Robert Royal on the good and the not-so-good in "Amoris Laetitia," the pope's much-anticipated post-Synodal Apostolic Exhortation on the Family.
ROME -- For Catholics accustomed to traditional ways of doing things, Pope Francis is undeniably a shock to the system. A summit of bishops from around
New Book Is Useful Guide for Clearing up Misunderstandings
Writer and yoga enthusiast Kathryn Livingston, 59, has been married to her husband for 35 years and the two are as devoted to each other today as they've...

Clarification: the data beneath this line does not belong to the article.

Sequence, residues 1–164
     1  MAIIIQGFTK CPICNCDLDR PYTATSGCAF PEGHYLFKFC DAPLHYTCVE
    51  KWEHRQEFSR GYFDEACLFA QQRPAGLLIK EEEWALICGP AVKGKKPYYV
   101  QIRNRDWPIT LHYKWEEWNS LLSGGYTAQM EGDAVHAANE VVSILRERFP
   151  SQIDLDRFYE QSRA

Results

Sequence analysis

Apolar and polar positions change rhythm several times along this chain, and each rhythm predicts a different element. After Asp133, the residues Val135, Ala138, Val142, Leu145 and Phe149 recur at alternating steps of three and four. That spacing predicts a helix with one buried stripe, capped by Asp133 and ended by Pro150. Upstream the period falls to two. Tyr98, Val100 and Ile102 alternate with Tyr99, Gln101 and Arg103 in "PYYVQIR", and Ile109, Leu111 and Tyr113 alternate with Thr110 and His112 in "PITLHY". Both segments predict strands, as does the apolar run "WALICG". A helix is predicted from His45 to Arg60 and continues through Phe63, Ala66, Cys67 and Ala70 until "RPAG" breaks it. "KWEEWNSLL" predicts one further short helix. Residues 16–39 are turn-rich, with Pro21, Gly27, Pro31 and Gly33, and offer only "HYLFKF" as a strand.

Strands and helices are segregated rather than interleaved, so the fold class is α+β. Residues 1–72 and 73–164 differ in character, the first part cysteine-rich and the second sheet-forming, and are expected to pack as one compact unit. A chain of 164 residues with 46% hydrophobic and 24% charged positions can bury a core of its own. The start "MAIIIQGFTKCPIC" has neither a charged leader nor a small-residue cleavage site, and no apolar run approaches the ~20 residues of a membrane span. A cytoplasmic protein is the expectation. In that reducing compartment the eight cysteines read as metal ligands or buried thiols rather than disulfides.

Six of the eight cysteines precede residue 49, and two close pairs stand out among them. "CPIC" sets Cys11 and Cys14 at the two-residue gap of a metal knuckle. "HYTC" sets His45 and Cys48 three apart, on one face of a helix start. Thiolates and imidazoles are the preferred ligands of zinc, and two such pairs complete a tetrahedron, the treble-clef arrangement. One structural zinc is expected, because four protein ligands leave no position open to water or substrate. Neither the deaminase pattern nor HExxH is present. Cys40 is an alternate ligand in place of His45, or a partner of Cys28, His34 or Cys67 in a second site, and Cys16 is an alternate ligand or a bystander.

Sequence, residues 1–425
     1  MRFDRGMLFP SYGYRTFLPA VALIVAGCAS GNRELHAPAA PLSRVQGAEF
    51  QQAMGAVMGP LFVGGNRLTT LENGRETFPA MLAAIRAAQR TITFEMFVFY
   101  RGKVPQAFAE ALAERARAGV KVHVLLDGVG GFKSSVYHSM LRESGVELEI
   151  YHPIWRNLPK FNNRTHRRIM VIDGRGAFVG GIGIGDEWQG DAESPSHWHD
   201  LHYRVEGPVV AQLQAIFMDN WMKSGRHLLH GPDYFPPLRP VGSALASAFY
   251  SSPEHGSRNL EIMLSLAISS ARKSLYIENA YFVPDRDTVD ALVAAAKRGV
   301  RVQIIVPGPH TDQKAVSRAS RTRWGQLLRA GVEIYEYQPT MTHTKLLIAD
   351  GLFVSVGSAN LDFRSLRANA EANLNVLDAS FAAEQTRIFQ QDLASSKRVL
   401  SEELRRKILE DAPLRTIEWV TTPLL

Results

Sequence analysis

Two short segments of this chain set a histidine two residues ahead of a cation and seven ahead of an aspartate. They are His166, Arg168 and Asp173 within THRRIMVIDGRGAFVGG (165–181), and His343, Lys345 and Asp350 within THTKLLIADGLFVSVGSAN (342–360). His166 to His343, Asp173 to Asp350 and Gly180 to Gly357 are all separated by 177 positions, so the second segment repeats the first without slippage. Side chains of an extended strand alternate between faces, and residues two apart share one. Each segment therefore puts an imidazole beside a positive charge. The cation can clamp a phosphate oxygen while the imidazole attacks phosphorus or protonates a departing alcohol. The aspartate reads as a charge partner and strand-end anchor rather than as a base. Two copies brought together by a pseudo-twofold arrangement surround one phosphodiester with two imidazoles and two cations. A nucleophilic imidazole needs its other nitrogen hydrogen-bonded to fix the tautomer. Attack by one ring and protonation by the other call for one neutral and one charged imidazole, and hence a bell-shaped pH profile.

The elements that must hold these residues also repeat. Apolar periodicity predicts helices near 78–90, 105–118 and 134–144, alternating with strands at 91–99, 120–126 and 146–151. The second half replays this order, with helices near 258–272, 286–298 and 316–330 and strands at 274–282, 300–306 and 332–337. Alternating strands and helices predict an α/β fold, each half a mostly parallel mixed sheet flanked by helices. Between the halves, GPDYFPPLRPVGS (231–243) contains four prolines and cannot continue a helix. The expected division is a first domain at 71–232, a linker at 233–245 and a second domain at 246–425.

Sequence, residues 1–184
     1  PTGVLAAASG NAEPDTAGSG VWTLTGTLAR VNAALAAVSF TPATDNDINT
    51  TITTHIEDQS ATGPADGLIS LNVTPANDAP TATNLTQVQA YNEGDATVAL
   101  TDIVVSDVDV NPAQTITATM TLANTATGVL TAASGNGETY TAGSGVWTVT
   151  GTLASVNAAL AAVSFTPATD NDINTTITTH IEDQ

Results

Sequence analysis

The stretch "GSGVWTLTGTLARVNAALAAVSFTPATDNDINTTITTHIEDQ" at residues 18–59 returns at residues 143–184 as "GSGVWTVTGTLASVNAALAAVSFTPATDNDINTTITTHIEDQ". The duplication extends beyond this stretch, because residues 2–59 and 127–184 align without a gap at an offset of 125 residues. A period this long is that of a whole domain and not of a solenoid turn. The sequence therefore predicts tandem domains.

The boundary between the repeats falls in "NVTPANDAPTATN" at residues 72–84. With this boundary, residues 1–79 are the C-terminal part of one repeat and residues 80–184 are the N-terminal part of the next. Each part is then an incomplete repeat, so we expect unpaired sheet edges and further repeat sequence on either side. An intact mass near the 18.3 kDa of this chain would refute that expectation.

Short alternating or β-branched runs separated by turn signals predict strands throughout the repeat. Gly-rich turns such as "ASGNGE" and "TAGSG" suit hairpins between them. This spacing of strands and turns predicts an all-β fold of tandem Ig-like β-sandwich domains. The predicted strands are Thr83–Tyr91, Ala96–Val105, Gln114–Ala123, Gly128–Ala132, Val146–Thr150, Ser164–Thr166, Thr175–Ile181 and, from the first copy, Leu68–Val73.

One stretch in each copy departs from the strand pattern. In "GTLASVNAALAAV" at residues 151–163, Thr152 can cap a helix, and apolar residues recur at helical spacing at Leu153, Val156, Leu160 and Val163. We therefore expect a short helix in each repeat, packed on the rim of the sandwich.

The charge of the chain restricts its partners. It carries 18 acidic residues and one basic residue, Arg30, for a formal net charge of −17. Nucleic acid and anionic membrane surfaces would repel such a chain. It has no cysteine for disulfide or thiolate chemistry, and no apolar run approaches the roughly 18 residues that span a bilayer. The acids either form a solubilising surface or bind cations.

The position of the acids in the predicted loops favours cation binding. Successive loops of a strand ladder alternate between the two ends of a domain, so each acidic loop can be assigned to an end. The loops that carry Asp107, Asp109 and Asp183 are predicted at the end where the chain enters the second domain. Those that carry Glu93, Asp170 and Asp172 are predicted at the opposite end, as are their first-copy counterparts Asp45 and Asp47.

A recent survey conducted by a UK based divorce website disclosed that 33 per cent behaviour divorce petitions filed cite Facebook as a cause for filling for divorce in 2011. In 2009 this figure was 20 per cent.5000 people were surveyed by Divorce-Online, the UK divorce website, during 2009 and 2011 covering Facebook as a means to check behaviour of spouse with the opposite sex and spouses using the social networking platform to comment about their exes post the separation.Three reasons that came out on the top for listing Facebook in divorce petition were inappropriate messages sent to the opposite sex, posting nasty comments about exes, and friends on Facebook reporting about spouse's behaviour, reported T3.Spokesman for Divorce-Online, Mark Keenan said, 'People need to be careful what they write on their walls as the courts are seeing these posts being used in financial disputes and children cases as evidence.'On the other hand, 20 petitions out of this 5,000 survey contained the name o